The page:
Re-opening schools from 4th of May was a decision by the chancellor and the heads of the federal states. This date was important for those federal states who start their summer holidays early this year, that applies to those in the North and Berlin, also North Rhine-Westphalia. They wanted the elder students back even earlier to make sure that they finish the final examinations before the holidays begin. As a union, we tried to change the fact that so much attention is paid to the examinations; we argued that in all federal states the re-opening of schools needs time for preparation. Now the starting will be different from region to region. Regional representatives of GEW are part of the crisis management teams only in some of the federal states, in others they are not consulted at all. At the national level, the president of the committe of the education ministers of the 16 federal states in Germany has invited GEW and the teachers’ association VBE together with the federal parents’ representatives to give their expertise at a late stage.

What conditions should be met to protect teachers’ health when the schools are re-opening?

We think that each and every school needs a proper assessment of the working places in terms of the sanitary conditions and also a check if the necessary distance of 1,5 meters can be kept. Representative bodies of teachers in the schools should be consulted in these danger assessments: is there enough washing facilities, soap, disinfection liquid. School by school, they need to decide which age groups can come back first, who of the staff is ready for teaching and who belongs to a group with a higher risk of infection as defined by the experts. Those would be the ones to continue working from home. Schools also need to make a plan how to organise lessons with only half of the students present. This is very complex.

Do you think teachers and students need any protective equipment?

According to the standards of the ministry of labour published in April, they might have to wear masks on the corridors if it is impossible to keep the prescribed distance, for example during the breaks and each time they enter or leave the building. However, even masks can become a risk if not properly used. These considerations should be left to each and every individual school. From our point of view, it is problematic that in so many schools you don’t have committees responsible for safety and security at work. Long ago we criticised that safety and security at work has been neglected in public schools. Now the offices for public health will have to become active to check and give advice to the schools.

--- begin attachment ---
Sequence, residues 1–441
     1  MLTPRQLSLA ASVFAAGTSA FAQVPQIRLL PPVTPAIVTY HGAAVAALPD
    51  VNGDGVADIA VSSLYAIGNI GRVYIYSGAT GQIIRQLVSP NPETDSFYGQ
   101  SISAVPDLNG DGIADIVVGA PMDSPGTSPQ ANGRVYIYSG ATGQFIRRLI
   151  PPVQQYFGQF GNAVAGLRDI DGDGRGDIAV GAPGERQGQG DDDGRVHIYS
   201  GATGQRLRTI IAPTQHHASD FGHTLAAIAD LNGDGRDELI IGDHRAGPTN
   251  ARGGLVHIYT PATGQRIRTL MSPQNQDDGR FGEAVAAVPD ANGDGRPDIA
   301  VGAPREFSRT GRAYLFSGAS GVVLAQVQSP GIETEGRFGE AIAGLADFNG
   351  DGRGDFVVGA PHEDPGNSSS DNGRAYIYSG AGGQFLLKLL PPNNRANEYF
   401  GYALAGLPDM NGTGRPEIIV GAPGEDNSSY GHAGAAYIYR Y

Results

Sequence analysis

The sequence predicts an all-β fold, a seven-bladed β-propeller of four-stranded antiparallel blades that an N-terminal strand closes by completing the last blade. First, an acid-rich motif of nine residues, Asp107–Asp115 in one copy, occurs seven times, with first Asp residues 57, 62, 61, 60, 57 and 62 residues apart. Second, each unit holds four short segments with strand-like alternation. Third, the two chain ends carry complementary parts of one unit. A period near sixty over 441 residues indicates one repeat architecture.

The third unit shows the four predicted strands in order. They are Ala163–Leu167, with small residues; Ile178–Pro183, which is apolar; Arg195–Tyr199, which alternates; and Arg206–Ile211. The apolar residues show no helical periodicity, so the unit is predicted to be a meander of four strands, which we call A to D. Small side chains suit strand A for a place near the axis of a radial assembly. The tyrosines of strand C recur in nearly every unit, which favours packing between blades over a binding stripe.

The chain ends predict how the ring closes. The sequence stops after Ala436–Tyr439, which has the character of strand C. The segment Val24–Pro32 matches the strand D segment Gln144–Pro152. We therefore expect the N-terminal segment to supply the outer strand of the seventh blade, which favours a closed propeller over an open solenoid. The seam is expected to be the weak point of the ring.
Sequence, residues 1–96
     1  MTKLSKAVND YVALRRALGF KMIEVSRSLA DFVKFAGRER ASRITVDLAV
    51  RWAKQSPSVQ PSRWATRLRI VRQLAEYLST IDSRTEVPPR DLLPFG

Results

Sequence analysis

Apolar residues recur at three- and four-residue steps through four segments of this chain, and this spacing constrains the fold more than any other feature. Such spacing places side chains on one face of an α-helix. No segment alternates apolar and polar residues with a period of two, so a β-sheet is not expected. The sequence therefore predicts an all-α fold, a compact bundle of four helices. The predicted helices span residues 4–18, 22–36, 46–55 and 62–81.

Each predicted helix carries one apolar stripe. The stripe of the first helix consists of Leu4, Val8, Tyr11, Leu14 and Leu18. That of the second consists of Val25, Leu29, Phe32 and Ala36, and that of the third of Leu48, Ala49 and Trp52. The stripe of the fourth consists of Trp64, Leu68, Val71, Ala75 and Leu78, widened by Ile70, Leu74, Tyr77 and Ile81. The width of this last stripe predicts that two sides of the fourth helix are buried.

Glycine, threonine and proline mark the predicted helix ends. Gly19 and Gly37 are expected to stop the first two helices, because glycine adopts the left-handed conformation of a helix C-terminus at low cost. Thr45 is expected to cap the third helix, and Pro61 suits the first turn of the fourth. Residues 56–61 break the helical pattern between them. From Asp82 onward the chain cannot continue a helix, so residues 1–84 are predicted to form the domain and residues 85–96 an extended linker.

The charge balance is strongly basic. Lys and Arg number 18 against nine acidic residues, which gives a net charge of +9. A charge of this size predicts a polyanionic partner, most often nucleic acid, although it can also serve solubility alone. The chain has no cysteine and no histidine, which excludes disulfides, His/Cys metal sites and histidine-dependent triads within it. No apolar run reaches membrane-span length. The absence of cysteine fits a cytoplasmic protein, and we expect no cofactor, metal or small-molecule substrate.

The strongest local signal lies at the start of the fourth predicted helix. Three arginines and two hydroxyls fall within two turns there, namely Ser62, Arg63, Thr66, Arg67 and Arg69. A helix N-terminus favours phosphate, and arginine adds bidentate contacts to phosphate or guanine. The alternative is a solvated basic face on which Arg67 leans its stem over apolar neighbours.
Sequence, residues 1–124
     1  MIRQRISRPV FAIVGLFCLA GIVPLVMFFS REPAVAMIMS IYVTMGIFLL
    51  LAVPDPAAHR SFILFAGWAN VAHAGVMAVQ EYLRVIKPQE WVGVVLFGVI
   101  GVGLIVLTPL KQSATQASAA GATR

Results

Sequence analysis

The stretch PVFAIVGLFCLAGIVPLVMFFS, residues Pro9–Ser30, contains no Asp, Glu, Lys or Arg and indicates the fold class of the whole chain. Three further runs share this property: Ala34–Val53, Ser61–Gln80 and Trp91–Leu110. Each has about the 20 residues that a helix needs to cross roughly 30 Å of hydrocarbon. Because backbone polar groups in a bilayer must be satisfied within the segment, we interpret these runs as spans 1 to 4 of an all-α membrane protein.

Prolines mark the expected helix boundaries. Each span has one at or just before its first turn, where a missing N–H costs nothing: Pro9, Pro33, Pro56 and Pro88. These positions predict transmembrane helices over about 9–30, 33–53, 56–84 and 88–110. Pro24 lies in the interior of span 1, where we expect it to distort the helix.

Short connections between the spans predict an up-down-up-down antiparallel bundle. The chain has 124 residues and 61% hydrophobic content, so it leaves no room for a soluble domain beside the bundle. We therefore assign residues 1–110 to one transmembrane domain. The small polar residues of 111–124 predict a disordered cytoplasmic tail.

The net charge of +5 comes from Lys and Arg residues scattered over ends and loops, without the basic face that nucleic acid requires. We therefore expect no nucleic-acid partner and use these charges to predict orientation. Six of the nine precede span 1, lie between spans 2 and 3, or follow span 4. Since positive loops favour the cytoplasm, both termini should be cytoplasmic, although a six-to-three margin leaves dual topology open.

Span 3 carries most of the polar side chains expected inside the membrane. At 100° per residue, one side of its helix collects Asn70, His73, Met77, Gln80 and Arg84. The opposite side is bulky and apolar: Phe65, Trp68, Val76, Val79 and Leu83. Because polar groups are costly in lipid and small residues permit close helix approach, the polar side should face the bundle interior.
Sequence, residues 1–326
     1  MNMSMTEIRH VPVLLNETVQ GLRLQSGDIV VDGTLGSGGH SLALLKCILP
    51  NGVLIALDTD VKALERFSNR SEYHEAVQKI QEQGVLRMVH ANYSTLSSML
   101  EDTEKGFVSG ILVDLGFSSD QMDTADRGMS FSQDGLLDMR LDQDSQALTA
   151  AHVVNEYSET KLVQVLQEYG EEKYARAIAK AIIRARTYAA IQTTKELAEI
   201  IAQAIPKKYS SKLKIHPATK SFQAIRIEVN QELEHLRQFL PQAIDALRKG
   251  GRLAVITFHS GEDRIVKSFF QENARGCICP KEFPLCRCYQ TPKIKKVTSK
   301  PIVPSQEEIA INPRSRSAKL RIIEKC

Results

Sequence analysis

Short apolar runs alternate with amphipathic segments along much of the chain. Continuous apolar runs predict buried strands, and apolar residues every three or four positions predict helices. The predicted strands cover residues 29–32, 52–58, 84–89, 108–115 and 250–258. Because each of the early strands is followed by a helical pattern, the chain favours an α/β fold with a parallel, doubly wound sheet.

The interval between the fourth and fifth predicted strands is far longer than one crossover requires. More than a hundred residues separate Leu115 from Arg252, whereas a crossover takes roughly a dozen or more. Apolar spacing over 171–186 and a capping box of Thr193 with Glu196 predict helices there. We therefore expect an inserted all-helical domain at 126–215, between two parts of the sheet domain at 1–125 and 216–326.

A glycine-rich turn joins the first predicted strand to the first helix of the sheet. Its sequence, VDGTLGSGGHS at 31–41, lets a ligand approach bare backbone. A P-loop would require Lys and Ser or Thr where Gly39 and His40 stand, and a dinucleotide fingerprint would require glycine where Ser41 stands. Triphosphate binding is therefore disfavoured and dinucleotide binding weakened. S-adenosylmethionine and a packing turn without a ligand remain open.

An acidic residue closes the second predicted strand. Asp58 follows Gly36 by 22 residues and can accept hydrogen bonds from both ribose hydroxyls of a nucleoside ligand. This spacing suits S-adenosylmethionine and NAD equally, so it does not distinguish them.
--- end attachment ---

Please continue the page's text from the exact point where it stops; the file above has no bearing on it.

What does it mean to the teachers to organise their lessons like shifts?

They will have to prepare both ways: lessons for half of the students who are present, and tasks for those who are learning at home at the same time. It has to be decided what makes more sense: to have the one group in school for the first three hours of the morning and the other group for the last three hours, or to have them change shifts on a daily or weekly base. However, it will be quite a challenge to make a time table and coordinate that system with the presence of the colleagues. It also needs time for proper planning. Additionally, all these aspects have to be coordinated with school transport services.

What should be the conditions for examinations in schools now?

We think that there shouldn’t be examinations in schools this year because of the very unequal chances for preparing on the side of the students. Instead, they should get a final certificate according to their performance before the closing of schools, acknowledging what they have done so far – just as other countries in Europe do it. From our perspective, the decision to enforce examinations now is an inappropriate focus on those students who do the matric. It increases regional differences and does not pay attention to others.

How did and how does GEW support its members in this process?

We have developed a homepage which responds to many questions around the corona pandemic, and we have addressed politicians at all levels of government in Germany on their behalf. We even spoke to the ministers of labour and of finances to clarify the financial needs. We also approached the minister of economic cooperation and development, the World Bank and the International Monetary Fund. All human beings worldwide are affected by the coronavirus. This is also true for refugees: We advocate for relocation from camps where good sanitary conditions cannot be kept. Solidarity and human rights are international.


Note: this interview was carried out by Sigrid Thomsen.

The opinions expressed in this blog are those of the author and do not necessarily reflect any official policies or positions of Education International.